It is common to think that you are having a heart attack when in reality what you are experiencing is a panic attack. The reality is that many symptoms overlap, and it is difficult to discard a heart condition without professional help. To help you differentiate between them, in this article, we talk about the differences between panic attacks and heart attacks.
However, it is crucial to seek immediate medical attention if you experience symptoms that could indicate a heart attack. It is always safer to err on the side of caution and call emergency services or go to the nearest emergency room for evaluation.
Here we have some differences between panic attacks and heart attacks:
Chest pain or discomfort
- Panic attack: Chest pain during a panic attack is often described as sharp, stabbing, or aching. It is typically located in the centre of the chest and tends to be brief. The pain may come and go and is usually not associated with physical exertion.
- Heart attack: Chest pain during a heart attack is often described as a feeling of pressure, squeezing, or tightness. The pain may radiate to the arm, shoulder, jaw, or back. It tends to be more persistent and intense and may be triggered or worsened by physical activity or emotional stress.
- Panic attack: Panic attacks may involve symptoms such as rapid heartbeat, shortness of breath, sweating, trembling, dizziness, or a sense of impending doom. However, these symptoms usually subside within a short period, typically less than an hour.
- Heart attack: Along with chest pain, heart attack symptoms may include shortness of breath, nausea, vomiting, light-headedness, cold sweat, and pain or discomfort in other parts of the upper body. These symptoms often persist for more than a few minutes and may worsen over time.
Risk factors and medical history
- Panic attack: Panic attacks are often associated with anxiety disorders or a history of panic attacks. They can occur in individuals without any known heart problems.
- Heart attack: Heart attacks are more likely to occur in individuals with certain risk factors, including a history of heart disease, high blood pressure, high cholesterol, smoking, diabetes, obesity, or a family history of heart problems.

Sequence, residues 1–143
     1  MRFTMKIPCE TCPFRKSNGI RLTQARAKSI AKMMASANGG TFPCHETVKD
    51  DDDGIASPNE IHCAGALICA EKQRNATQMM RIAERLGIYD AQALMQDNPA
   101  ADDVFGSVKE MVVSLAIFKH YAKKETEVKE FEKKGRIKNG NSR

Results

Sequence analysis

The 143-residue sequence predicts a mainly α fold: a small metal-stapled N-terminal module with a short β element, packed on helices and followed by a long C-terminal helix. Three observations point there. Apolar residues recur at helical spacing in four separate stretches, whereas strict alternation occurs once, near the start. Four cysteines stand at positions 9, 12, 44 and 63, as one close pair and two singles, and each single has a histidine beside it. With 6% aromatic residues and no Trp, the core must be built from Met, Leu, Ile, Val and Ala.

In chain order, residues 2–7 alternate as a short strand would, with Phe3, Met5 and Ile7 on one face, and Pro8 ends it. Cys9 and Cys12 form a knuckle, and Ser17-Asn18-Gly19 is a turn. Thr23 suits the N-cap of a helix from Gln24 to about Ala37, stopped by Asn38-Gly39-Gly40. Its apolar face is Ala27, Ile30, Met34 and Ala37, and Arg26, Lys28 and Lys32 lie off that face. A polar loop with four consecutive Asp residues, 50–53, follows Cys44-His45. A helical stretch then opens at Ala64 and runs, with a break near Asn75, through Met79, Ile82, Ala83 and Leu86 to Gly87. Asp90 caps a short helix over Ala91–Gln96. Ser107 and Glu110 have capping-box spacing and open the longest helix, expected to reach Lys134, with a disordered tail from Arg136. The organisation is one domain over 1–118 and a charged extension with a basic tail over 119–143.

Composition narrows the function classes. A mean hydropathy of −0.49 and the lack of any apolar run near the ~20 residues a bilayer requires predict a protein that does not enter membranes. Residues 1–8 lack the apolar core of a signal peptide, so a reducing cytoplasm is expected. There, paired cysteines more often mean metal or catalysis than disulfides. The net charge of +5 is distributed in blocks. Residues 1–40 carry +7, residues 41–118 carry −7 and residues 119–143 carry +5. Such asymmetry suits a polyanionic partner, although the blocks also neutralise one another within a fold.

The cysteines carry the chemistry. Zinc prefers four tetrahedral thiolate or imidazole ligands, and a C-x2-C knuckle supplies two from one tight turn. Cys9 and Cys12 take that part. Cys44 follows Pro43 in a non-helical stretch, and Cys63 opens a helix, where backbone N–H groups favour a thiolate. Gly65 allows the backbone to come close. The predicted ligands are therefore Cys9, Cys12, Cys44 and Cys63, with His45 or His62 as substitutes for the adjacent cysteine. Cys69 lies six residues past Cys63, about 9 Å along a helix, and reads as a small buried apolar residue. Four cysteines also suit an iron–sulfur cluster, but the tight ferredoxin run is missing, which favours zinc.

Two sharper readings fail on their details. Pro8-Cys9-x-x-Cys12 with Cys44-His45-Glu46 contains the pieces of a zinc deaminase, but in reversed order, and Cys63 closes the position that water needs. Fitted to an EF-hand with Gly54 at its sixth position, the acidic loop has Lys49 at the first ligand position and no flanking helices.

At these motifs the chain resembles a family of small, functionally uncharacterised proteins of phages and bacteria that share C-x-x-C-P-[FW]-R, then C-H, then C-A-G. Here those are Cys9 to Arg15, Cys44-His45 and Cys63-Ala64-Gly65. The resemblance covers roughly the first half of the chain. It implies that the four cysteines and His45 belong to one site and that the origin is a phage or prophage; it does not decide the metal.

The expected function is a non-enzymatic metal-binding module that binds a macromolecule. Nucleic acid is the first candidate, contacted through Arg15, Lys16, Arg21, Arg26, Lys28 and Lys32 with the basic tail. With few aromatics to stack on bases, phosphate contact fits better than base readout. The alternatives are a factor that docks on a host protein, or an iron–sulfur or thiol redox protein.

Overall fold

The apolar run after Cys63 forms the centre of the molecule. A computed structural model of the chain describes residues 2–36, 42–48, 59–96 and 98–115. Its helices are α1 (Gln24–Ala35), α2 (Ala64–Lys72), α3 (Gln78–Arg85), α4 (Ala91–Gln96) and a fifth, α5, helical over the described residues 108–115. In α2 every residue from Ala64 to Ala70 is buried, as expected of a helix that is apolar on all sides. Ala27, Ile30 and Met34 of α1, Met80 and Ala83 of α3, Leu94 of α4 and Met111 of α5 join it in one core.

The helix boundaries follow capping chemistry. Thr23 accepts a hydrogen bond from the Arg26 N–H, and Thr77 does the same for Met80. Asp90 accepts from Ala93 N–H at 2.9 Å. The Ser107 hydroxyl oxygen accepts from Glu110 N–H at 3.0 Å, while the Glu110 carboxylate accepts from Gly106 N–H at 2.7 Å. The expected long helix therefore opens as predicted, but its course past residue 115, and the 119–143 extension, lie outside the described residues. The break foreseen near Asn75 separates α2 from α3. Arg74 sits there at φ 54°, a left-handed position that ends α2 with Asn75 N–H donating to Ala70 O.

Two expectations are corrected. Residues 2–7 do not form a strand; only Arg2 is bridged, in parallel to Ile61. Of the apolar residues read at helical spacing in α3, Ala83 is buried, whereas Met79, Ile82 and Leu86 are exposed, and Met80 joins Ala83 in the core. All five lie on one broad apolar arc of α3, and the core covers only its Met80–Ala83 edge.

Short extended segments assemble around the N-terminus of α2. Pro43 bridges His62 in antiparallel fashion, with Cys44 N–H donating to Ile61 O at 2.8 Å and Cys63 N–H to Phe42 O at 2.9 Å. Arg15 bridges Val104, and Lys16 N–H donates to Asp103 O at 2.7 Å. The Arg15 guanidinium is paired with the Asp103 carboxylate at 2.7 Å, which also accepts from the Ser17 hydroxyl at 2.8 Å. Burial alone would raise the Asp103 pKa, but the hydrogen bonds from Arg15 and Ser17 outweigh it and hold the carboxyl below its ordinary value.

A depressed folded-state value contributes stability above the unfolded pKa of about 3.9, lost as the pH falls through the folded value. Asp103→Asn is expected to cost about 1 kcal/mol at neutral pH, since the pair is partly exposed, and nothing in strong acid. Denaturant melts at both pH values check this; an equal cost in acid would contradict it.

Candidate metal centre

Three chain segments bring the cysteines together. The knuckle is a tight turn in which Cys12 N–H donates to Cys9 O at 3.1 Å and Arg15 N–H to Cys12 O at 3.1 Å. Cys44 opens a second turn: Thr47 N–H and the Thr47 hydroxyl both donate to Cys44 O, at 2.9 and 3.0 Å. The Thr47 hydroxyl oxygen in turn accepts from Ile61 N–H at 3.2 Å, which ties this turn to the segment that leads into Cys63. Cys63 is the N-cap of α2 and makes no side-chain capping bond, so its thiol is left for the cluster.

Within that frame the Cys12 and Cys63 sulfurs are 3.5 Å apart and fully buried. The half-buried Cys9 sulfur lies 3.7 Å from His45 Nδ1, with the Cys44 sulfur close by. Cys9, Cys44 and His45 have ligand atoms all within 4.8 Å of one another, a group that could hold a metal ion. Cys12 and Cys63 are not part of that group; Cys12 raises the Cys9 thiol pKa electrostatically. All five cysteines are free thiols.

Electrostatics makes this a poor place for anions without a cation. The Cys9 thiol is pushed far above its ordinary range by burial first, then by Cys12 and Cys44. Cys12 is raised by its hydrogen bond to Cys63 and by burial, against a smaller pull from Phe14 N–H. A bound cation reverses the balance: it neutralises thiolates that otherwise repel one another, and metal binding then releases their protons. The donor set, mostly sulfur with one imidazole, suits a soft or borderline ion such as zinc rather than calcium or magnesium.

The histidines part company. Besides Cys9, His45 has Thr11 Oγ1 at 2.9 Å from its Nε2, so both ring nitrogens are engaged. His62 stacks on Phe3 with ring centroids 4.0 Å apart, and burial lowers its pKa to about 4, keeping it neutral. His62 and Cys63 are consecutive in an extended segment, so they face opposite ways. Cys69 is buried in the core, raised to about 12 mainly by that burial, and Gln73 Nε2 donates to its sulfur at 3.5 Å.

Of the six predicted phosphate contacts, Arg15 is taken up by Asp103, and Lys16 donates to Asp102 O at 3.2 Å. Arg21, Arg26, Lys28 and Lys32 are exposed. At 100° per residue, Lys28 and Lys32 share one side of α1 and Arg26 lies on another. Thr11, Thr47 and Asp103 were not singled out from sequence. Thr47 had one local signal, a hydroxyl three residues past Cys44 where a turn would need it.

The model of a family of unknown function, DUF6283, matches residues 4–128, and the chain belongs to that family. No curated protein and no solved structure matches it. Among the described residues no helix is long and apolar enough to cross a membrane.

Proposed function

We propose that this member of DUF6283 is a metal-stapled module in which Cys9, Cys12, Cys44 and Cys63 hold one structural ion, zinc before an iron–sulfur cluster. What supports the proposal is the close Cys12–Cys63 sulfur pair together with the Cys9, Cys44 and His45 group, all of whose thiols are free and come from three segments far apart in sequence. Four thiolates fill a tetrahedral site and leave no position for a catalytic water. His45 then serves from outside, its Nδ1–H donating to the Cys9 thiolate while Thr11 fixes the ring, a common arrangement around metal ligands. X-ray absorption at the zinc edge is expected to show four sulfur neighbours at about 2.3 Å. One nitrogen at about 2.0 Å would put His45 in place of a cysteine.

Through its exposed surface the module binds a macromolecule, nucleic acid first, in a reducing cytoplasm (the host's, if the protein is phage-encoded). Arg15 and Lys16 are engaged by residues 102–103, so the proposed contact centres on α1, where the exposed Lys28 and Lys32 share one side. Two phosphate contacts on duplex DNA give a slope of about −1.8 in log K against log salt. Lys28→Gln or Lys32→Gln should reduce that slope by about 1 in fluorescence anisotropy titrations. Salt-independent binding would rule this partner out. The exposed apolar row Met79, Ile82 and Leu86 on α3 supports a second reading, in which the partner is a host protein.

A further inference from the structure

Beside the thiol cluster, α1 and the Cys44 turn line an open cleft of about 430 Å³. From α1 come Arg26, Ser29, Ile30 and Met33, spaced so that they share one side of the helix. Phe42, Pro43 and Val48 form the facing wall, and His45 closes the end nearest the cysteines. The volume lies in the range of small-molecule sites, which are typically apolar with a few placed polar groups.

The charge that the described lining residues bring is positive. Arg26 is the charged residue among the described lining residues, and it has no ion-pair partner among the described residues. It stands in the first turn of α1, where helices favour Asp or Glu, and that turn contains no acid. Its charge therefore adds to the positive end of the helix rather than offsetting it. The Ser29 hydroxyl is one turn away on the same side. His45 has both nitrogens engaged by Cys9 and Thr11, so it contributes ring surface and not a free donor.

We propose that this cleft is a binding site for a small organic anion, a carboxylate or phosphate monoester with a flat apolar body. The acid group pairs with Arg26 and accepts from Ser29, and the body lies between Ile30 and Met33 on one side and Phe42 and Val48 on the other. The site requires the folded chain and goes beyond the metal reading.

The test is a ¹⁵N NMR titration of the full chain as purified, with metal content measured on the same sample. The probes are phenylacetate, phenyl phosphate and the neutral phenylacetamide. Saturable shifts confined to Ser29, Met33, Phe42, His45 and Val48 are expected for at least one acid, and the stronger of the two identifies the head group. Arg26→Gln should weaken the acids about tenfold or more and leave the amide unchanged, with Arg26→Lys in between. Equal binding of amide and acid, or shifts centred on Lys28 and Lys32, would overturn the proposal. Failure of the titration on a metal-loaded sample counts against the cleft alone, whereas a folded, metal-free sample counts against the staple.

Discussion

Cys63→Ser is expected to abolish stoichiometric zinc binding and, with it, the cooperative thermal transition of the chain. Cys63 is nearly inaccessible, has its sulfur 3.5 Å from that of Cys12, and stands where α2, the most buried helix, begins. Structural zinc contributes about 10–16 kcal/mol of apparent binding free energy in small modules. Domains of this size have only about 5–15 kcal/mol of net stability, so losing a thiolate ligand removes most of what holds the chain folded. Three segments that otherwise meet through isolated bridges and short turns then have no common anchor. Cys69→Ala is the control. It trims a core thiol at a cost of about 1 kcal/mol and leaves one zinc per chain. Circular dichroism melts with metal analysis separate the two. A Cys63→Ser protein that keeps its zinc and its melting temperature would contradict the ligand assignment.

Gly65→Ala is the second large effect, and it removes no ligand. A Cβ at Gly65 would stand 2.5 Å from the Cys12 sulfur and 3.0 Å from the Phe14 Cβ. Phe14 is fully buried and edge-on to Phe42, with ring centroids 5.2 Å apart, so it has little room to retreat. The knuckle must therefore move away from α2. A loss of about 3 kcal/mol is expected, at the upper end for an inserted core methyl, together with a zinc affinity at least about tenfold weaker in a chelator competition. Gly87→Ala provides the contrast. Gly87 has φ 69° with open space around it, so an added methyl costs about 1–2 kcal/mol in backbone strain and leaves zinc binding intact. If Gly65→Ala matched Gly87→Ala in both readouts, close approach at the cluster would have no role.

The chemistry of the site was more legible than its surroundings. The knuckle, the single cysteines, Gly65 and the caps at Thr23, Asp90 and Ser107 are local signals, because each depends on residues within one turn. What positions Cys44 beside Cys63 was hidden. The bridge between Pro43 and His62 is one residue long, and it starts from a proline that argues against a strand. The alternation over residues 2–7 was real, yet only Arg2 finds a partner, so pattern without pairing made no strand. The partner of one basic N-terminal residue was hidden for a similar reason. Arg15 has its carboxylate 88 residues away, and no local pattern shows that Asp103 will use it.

Response to relaxation techniques
- Panic attack: Employing relaxation techniques, such as deep breathing exercises or mindfulness, may help alleviate symptoms or reduce the intensity of a panic attack.
- Heart attack: Relaxation techniques are unlikely to have a significant impact on the symptoms of a heart attack.
Duration of symptoms
- Panic attack: Panic attack symptoms typically reach their peak within minutes and subside within 10 to 30 minutes. While some residual symptoms may linger, the overall episode is relatively short-lived.
- Heart attack: Heart attack symptoms can persist for an extended period. The duration can vary, but symptoms typically last for more than 20 minutes and can continue for hours. If you experience symptoms that last for an extended period, it’s important to seek immediate medical attention.
Age and risk factors
- Panic attack: Panic attacks can occur at any age, including in children and adolescents. They are more common in individuals with a history of anxiety or panic disorder, but they can also occur in individuals without a previous diagnosis.
- Heart attack: Heart attacks are more common in older individuals, particularly those over the age of 50. Certain risk factors increase the likelihood of a heart attack, including smoking, high blood pressure, high cholesterol, diabetes, obesity, and a family history of heart disease.
- Panic attack: Panic attacks are typically diagnosed based on the symptoms reported by the individual. There are no specific medical tests to confirm the presence of a panic attack. However, a healthcare professional may conduct medical evaluations to rule out other potential causes of the symptoms.
- Heart attack: Diagnosing a heart attack involves a combination of medical history, physical examination, and diagnostic tests. These tests may include an electrocardiogram (ECG), blood tests to measure cardiac enzymes and imaging tests such as an echocardiogram or coronary angiography.